Making The U.S. Afghan Strategy Stick
SCOTT SIMON, host:
This is WEEKEND EDITION from NPR News. I'm Scott Simon.
This week, the Obama administration completed a review of its war strategy for Afghanistan and concluded that the strategy is working. Or as Mr. Obama put it at the White House: We are on track to achieve our goals.
It was just a year ago the president decided to send 30,000 more American troops to Afghanistan. In just a few months he'll face a new decision: how to start bringing some of them home.
NPR's Pentagon correspondent, Tom Bowman, has been reporting on the war, both from the field, there in Afghanistan, from the Pentagon. He joins us in the studio now.
Tom, thanks for being with us.
TOM BOWMAN: Good to be with you.
SIMON: And let's start with your review. What evidence did they cite that the strategy's on track?
BOWMAN: Well, there are security gains in Kandahar in the south and also Helmand Province next door, and as a result of those 30,000 additional troops. And if you go to a place like Helmand, you'd definitely see better security. I was at a bazaar back in November, thousands of people there, something you wouldn't have seen last year. And then in Kandahar as well, the Americans swept in, pushed out the Taliban. But the concern here is the Taliban sort of melted into the villages. They just took off. They essentially put down their weapons and picked up a shovel. So the big question is, will the Taliban come back in the spring and start fighting again? And at this point nobody really has an answer to that question.
SIMON: I mean, and that's why some critics, and not just critics, compared that strategy to a game of Whac-A-Mole(ph), where they said that they attack the Taliban at one point and then they just come back somewhere else. And the administration report acknowledged that and said that safe havens are the problem because insurgents can go into these places and essential wait out U.S action.
BOWMAN: Oh, absolutely. The serious problem of the safe havens in Pakistan, everyone agrees with that. The president and Secretary Clinton, Defense Secretary Gates mentioned that as well - that you have to push the Pakistanis to deal with those safe havens. And a Pentagon report last month said that's the primary problem to a secure and stable Afghanistan.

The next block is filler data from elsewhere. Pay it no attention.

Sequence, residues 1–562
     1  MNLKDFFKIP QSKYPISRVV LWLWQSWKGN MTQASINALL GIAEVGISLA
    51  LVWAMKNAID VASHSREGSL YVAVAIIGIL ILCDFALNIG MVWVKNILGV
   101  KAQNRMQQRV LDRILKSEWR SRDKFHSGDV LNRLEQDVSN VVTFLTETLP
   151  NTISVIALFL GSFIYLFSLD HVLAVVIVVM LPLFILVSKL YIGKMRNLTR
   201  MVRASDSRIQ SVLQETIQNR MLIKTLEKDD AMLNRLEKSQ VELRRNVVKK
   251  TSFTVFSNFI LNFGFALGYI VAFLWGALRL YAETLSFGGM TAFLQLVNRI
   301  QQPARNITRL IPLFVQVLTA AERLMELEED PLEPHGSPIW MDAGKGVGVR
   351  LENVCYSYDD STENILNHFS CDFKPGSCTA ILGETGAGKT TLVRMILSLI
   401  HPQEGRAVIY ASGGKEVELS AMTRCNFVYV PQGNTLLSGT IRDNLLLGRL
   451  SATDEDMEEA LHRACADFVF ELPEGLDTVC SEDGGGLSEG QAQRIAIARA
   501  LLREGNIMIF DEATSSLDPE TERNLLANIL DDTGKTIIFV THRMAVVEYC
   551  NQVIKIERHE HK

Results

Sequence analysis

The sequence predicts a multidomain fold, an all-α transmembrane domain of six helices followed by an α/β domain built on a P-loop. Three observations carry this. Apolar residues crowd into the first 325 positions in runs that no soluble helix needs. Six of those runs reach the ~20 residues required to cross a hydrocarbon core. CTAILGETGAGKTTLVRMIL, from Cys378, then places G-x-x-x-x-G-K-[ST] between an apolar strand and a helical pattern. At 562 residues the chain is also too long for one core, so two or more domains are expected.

SIMON: What does all this do to the question about - a lot of, obviously, Americans are eager to know when U.S. troops can start leaving.
BOWMAN: Well, the plan right now, and the president articulated this, is for some U.S. troops to start coming out next July. Now, I asked the number two officer in the Pentagon, Marine General Jim Cartwright, about that this week. Here's what he had to say.
U.S. troops will come out in July, 2011, right?
General JAMES CARTWRIGHT (Vice Chairman, Joint Chiefs of Staff): No. What they've said is that at 2011 to 2014 there is a drawdown. What is being negotiated and what will be adjusted is the rate of that drawdown.
BOWMAN: But troops will come out.
Gen CARTWRIGHT: Troops will come out.
BOWMAN: Troops will come out. The question is: how many will come out? We don't know that yet.
SIMON: From what you can see now, Tom, is it likely to be a substantial reduction in force or, if I might put it in the baldest possible terms, kind of a token withdrawal right before an election season begins?
BOWMAN: At this point people I talk with both in the Pentagon and on the ground over in Afghanistan think it'll be small numbers of troops coming out. And the reason is that most of these 30,000 troops are in the toughest parts of the country, in the southern part, in the eastern part, where there's still a lot of fighting going on. So we expect small numbers of troops and they've essentially kicked this can down the road now to 2014. That's when they say the Afghans will be able to take over security duties.
SIMON: NPR's Pentagon correspondent, Tom Bowman. Thanks so much.
BOWMAN: You're welcome.
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